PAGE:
What Is Lean Construction & Why You Should Care
Lean production is a term used to depict the use of less material, time, and effort to produce something of value to the end customer. The term ‘lean' was popularized in Japan by the research team designing the Toyota brand. They wanted to come up with the most economical way to produce a profitable and valuable final product. The one possible way to come up with a production system that economizes greatly on input is by incorporating all the factions to a project. This means that the managers, all people involved, and the end user needs to be at par from the beginning of the project. Lean production results in a reduction in materials used, time spent on the project, and the people involved realize a better flow of work.
Why Does Lean Production Matter?
Lean construction has several benefits in projects. It leads to:
•Better utilization of material
•The amount of time spent on the project reduces significantly
•A better workflow which is achieved through the interaction with all people involved in the project
•An increase in output due to the reduction in time required to complete one project
For a company to be able to deliver efficiently, it has to know the value that it creates for its customers. It means that management needs to pay close attention to the company's processes, its people and the delivery of each service to understand what it is that they are doing that is not beneficial to its customers. Once this information is known, decisions can follow on what to improve. Lean calls for changing the traditional way of doing things. The process does not happen in a week; it may take a long time before things change and the wasteful methods removed to create value in the production system.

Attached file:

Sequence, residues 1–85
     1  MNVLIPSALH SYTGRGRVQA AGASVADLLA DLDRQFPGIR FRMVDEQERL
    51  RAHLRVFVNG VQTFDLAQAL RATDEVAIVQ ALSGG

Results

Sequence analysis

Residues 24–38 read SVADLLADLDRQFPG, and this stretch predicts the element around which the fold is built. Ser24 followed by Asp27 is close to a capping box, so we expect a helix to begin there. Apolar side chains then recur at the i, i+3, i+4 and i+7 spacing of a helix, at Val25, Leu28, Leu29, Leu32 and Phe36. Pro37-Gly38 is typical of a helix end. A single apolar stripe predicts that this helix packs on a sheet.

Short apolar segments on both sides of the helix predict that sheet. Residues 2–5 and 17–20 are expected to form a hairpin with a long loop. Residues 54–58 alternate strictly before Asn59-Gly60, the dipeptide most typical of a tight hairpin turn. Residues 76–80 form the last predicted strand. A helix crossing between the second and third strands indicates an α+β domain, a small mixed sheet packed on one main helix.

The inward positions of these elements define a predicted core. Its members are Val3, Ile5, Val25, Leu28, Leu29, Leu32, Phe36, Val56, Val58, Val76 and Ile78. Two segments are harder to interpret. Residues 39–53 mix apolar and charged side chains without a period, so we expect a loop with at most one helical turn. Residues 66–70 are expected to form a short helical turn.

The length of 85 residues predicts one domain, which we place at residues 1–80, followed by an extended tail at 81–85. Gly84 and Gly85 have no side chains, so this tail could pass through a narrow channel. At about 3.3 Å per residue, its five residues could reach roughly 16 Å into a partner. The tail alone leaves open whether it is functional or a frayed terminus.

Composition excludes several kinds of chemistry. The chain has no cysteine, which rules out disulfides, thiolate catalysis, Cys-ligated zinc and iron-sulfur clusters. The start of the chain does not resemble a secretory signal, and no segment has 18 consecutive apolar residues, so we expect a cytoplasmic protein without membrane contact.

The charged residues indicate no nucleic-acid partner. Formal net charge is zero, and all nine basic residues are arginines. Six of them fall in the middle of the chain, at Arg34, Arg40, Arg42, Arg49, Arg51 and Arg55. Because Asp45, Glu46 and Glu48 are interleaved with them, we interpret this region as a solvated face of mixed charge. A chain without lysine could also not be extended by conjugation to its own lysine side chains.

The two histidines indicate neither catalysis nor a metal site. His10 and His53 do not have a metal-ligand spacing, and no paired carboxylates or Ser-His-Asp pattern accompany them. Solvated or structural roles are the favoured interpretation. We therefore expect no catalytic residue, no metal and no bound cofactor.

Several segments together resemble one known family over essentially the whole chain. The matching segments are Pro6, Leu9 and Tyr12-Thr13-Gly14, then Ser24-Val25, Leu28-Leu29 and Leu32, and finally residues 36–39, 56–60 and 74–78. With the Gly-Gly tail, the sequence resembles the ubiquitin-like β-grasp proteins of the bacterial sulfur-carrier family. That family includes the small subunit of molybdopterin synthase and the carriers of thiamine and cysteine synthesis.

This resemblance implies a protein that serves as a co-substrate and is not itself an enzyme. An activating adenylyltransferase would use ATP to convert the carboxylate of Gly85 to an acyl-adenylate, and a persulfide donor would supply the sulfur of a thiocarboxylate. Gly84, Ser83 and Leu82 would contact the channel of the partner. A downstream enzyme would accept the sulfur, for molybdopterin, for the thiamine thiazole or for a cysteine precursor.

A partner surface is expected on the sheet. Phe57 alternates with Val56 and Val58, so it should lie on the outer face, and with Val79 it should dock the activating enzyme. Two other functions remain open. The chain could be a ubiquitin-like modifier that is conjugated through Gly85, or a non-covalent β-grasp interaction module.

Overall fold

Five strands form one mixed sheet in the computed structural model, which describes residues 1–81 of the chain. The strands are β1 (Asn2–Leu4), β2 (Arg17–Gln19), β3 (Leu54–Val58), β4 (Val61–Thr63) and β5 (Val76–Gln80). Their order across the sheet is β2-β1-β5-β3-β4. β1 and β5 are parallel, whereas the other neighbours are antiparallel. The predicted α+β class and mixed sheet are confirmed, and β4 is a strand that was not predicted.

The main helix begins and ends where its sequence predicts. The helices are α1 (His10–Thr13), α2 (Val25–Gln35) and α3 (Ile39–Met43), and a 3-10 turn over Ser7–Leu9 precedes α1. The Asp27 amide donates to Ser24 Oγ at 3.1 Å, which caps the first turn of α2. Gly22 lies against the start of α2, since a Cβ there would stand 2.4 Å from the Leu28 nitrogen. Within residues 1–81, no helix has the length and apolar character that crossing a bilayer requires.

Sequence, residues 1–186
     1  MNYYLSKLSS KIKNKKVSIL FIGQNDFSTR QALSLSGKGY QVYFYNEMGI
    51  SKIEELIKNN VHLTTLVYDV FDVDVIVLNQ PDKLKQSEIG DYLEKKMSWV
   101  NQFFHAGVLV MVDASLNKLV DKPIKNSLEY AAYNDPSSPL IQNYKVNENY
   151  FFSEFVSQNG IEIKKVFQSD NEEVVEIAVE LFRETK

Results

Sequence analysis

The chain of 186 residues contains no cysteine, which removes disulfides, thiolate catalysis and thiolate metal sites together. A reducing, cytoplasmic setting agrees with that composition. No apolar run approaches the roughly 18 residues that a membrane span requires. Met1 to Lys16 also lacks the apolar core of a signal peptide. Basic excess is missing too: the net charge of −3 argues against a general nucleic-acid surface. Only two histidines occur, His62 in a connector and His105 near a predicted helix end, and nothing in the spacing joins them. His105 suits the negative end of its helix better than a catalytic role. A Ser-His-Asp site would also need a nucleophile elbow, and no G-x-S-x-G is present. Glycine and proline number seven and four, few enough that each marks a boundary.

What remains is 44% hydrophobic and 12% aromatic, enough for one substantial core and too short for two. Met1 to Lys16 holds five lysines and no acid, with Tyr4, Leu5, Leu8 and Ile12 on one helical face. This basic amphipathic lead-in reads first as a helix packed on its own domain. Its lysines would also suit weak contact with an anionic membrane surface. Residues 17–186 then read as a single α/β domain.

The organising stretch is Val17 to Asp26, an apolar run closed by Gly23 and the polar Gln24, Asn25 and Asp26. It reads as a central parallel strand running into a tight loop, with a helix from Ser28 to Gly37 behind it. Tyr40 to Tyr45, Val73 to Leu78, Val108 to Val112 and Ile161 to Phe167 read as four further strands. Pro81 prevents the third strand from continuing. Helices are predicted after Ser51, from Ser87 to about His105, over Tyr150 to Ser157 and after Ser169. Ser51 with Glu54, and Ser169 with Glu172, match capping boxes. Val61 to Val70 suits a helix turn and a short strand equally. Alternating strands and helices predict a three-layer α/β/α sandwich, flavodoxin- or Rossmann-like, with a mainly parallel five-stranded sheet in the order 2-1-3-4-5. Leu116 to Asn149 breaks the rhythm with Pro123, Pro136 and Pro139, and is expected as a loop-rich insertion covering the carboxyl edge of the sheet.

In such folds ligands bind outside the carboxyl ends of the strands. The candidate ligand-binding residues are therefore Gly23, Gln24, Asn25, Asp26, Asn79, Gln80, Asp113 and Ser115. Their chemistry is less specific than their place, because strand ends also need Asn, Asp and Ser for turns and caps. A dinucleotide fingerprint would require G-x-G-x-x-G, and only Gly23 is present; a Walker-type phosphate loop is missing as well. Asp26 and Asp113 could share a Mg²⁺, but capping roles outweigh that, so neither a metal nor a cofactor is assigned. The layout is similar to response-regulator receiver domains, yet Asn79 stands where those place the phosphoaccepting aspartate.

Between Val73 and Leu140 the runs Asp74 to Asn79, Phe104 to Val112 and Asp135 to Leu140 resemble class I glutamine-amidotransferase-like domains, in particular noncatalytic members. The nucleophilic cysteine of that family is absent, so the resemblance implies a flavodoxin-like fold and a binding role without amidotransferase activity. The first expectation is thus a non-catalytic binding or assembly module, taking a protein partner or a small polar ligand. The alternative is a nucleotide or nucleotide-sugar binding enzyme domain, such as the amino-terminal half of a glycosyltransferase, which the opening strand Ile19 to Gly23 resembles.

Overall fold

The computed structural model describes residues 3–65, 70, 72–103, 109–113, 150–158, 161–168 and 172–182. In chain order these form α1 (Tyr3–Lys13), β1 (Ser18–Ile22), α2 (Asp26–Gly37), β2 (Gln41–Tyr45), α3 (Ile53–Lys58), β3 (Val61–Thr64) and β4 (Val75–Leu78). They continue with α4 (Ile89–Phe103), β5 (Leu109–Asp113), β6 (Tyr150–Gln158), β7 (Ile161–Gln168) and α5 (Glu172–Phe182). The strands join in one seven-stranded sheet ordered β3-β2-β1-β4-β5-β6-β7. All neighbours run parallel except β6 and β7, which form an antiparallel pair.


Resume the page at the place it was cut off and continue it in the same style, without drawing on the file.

The Impact of Lean Production on Wind Power
The Wind is one of the renewable sources of energy. As the world looks into reducing its carbon print without slowing down its development agenda, there is more attention being directed to wind power. Wind farms are currently costly to set up. The cost stands in the way of most organizations seeking it as an alternative source of power. If Lean production is utilized to set up wind farms from the beginning, the effect will be a greener source of energy that is produced at a lower cost. These benefits will trickle down to the projects. An even better perspective is that wind power could change the way most people in the world operate. It could provide energy to people in the less developed countries that could be struggling with less efficient sources of energy.
In production, the primary focus is coming up with a final product that is pleasing to the customer. What if other benefits would accrue to both the customer and the company in charge of the project? Lower costs, better timelines, additional value, superior products, and a safer earth are all benefits that follow lean production. This concept may only be in its infant stages, but it sure is taking the world by storm.
Jessica Kane is a professional blogger who writes for Federal Steel Supply, Inc., a leading supplier of carbon, alloy and stainless steel in pipe, tube, fittings and flanges.
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